TRT in the UK and EU   |
  Contact: +44 (0) 203 9003 209My account

By Mike Kocsis | 7 minutes read |
  • Categories:
  • Medically Reviewed by Dr. George Touliatos

    testosterone

    As we’ve talked about many times before, testosterone is vital to your health as a man and contributes to bone health, cardiovascular health, immune system function, cognition and lipid health (cholesterol markers), among other things.

    If your testosterone is low, not only will it affect your health, but it’s likely you’ll have many unpleasant symptoms. This includes depression, anxiety, low sex drive, mood swings and loss of muscle mass.

    Therefore, if you care about your health it makes sense to take a test to find out what your testosterone level is. This is especially true if you have some of the symptoms described above.

    Low testosterone is associated with a number of conditions, including metabolic syndrome, type 2 diabetes and atherosclerosis. Indeed, this has even led some researchers to suggest that testosterone can be used as a marker of overall health [1].

    In this article we’ll cover the main ways you can get your testosterone levels checked.

    Take Hormone Quiz

    Serum Testing

    Taking a serum or blood test really is the gold standard when it comes to checking your testosterone levels and this is the way we at Balance My Hormones test your testosterone levels. It’s by far the most accurate way to measure your hormones.

    Ideally, if you do a blood test, you should look to get the following markers at a minimum, we at Balance My Hormones check all of these and more.

    Order Blood Test

    – Serum testosterone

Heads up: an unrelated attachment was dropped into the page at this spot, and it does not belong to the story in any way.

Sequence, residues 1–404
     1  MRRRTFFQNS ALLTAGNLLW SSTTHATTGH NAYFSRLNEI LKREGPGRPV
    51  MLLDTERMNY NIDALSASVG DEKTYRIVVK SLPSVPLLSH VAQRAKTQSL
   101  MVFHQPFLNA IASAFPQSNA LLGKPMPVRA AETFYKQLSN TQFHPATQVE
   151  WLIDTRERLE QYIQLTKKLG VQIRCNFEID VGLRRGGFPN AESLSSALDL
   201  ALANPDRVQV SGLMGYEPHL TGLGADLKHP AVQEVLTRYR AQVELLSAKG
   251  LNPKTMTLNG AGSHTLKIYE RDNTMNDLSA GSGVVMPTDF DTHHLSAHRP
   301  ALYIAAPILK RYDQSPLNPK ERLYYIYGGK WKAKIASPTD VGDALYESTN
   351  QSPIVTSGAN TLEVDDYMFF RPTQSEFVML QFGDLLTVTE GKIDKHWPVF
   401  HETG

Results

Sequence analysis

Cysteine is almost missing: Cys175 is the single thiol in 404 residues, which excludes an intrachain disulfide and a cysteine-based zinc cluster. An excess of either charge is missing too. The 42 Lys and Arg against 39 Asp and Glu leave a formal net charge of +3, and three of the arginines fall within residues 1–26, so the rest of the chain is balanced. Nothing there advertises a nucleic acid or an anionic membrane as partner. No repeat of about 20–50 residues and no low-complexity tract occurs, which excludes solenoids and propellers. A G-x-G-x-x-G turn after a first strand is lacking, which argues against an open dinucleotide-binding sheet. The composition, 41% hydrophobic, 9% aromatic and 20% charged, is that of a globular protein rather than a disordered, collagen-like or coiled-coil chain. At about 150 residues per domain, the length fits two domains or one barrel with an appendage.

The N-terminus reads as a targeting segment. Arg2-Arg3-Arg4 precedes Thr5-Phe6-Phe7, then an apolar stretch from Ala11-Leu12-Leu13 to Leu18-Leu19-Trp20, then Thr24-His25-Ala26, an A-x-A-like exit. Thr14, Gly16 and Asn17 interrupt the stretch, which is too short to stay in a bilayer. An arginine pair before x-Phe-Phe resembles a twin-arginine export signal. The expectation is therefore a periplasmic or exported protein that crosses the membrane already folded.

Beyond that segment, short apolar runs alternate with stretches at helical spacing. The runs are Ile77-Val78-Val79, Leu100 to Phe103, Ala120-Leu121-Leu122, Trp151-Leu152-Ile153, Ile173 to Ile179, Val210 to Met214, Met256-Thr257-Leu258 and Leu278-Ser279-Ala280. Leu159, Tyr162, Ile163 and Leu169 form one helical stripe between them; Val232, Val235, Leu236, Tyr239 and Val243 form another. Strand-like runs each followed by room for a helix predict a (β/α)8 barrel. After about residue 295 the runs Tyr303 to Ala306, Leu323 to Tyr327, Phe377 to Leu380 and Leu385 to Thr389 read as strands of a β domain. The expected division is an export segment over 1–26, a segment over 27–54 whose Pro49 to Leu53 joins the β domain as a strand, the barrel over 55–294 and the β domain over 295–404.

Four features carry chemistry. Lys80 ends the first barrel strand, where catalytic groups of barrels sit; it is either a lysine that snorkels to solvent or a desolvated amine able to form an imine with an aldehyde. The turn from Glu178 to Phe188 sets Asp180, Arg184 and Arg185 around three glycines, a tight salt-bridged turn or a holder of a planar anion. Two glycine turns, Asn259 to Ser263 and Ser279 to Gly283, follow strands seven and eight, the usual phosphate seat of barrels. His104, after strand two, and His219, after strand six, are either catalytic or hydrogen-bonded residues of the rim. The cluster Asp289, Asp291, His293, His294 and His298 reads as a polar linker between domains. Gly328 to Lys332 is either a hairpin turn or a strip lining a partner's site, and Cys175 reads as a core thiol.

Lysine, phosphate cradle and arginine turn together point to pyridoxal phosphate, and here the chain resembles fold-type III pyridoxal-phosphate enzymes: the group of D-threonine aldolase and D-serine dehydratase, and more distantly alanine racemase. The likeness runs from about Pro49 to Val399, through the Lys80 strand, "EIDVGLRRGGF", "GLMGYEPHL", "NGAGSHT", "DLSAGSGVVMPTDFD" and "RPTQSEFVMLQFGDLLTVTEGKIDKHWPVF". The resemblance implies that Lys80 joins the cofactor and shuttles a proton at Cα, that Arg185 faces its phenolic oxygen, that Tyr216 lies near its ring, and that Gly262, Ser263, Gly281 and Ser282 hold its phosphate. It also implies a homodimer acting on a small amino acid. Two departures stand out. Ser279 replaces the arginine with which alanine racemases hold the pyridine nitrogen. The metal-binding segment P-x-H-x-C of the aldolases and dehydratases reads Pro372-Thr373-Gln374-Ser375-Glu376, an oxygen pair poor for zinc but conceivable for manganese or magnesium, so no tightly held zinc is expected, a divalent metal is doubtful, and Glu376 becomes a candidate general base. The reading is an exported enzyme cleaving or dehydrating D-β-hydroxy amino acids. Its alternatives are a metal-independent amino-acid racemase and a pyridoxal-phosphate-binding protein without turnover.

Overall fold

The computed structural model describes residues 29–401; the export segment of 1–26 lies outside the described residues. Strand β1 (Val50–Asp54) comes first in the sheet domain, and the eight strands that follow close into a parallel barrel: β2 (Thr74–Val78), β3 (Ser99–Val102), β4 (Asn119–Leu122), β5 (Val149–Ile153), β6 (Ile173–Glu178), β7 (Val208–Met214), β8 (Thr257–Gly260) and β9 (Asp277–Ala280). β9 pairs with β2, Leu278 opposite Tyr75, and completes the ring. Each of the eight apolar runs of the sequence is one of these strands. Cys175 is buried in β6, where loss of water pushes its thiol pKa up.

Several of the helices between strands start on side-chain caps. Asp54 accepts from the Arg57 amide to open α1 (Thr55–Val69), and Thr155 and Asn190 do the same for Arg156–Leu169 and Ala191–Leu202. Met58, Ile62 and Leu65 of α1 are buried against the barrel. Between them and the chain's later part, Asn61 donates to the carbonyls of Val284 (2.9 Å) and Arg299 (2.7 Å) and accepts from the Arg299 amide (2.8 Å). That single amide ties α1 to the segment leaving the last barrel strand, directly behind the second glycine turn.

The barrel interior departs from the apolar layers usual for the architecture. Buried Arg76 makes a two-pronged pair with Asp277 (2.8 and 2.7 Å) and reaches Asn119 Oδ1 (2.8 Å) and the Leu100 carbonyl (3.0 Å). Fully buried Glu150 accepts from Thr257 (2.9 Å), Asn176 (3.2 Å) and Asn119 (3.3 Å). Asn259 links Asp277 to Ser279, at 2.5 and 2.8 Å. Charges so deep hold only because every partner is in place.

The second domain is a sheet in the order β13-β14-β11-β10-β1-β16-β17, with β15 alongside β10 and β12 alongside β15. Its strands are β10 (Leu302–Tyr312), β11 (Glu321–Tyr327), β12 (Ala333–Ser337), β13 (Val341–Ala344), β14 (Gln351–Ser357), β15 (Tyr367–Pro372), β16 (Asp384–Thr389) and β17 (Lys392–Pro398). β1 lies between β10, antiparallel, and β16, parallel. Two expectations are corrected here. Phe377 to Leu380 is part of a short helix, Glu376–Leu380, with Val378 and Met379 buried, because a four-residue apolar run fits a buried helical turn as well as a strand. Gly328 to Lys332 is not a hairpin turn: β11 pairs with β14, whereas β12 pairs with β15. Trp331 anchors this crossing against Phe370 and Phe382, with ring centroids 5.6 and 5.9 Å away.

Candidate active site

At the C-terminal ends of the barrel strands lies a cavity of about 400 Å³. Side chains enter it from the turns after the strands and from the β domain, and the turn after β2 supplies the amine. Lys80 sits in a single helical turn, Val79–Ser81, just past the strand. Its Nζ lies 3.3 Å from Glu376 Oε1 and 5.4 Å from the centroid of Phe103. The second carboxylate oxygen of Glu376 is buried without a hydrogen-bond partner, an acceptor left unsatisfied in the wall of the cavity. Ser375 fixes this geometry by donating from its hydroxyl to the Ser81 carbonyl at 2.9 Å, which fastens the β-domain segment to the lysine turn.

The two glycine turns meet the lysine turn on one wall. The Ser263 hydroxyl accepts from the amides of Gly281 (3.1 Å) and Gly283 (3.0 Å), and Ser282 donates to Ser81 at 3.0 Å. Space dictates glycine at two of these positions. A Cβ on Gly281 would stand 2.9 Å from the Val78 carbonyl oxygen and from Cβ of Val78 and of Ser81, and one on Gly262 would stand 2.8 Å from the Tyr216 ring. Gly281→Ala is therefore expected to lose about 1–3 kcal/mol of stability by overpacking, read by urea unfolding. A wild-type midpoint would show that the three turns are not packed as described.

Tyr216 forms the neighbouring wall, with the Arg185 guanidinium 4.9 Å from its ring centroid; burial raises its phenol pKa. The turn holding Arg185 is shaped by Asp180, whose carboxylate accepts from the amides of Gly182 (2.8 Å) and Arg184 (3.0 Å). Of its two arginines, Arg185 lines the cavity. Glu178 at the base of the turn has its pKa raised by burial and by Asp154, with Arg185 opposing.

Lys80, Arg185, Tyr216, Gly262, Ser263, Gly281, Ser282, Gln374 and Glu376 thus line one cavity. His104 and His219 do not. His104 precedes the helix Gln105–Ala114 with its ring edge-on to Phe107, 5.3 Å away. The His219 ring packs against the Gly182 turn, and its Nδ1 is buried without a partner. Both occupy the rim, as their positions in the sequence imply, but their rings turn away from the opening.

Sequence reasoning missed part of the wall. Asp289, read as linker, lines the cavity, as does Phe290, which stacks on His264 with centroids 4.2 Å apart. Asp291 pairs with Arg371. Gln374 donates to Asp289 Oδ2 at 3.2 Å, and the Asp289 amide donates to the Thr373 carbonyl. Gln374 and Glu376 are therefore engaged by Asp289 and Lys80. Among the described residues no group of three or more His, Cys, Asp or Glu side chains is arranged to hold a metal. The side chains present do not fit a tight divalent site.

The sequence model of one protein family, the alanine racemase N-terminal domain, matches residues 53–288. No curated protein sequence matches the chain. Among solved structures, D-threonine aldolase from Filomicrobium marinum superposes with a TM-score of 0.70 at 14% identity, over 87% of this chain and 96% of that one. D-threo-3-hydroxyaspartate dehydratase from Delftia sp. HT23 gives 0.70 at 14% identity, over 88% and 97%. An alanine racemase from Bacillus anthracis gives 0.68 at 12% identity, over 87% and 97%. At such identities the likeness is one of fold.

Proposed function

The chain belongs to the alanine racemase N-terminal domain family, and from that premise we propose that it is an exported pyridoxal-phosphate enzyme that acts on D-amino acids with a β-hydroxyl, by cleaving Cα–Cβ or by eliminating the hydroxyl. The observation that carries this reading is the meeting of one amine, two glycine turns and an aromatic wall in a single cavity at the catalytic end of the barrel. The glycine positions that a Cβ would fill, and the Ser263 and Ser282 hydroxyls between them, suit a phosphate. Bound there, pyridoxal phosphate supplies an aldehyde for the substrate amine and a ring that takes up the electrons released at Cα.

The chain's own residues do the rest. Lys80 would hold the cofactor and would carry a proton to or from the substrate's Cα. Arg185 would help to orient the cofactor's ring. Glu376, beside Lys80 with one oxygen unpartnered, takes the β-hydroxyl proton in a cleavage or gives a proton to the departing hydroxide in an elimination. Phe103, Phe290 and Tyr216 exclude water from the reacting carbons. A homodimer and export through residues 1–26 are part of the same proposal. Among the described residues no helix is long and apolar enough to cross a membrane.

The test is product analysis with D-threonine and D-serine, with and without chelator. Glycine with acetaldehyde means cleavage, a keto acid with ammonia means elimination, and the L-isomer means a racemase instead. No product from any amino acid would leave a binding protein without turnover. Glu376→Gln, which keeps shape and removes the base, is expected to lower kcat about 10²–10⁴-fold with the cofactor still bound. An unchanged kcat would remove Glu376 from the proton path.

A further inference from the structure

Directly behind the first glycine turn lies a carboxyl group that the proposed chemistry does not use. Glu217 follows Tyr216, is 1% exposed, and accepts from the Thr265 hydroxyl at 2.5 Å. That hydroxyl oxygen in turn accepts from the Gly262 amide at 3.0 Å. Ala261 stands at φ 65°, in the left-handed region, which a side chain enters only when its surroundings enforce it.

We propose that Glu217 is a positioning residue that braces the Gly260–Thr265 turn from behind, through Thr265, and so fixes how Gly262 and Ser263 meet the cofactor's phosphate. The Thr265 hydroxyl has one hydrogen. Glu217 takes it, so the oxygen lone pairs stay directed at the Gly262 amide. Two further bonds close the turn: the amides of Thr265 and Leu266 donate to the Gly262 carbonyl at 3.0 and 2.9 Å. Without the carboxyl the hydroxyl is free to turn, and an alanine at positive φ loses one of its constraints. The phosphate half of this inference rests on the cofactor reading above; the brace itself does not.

– Free testosterone
    – Sex hormone binding globulin (SHBG)
    – Luteinising Hormone (LH)
    – Oestradiol
    – Prolactin

    low testosterone test

    So what do these markers mean and why do you need them? When first looking into this, many people assume they need to only get their testosterone levels checked.

    This is misguided however, as testosterone alone will not give you a clear indication of your hormonal health. It’s important for the doctor to understand the interplay between various hormones to make a proper diagnosis.

    Serum testosterone is the total amount of testosterone in your blood. Free testosterone is the bioavailable or active component of testosterone. Your body can only use a small fraction of the testosterone in your blood – usually between 2-4% of the total amount.

    SHBG is a carrier protein that is responsible for managing levels of sex hormones (i.e. oestrogen and testosterone) in the blood. Its levels have a strong correlation with your testosterone and can influence the amount of free testosterone in your blood.

    For example, you may have a high serum testosterone level, but if your SHBG is very high this means your free testosterone will be low. Without this marker you cannot accurately calculate your free testosterone.

    Luteinising hormone (LH) is a hormone also known as a gonadotropin. Essentially, LH is a signal that is sent by the brain to the testes to produce testosterone. It’s useful to test for this because it helps show whether you have primary or secondary hypogonadism.

    Oestradiol is a form of oestrogen and the main one found in the male body. Many people wrongly believe that oestrogen is a “female hormone,” however it plays a vital role in male health. In addition, elevated levels of oestrogen can interfere with testosterone production and lead to symptoms of low testosterone. Hence it is important to include this marker on any investigation into testosterone.

    The role of the hormone prolactin in men is not fully understood. However, low and high levels are associated with low libido and erectile dysfunction. Furthermore, the hypersecretion of prolactin is associated with a tumour of the pituitary gland. This can affect testosterone levels and is therefore worth evaluating on a blood test.

    Urine Test

    A urine test, also known as a 24 hour urinary panel, is also another good option to get your testosterone levels checked. Urine tests are a lower barrier to entry than drawing blood out of your arm.

    A good thing about these tests is that you can do them from the comfort of your own home. Although these days, you can often do serum tests at home too.

    One main advantage of the urine test is that it takes an average of your testosterone levels over a 24 hour period. Whereas a blood test is a snapshot of a given moment in time and is open to day to day fluctuations.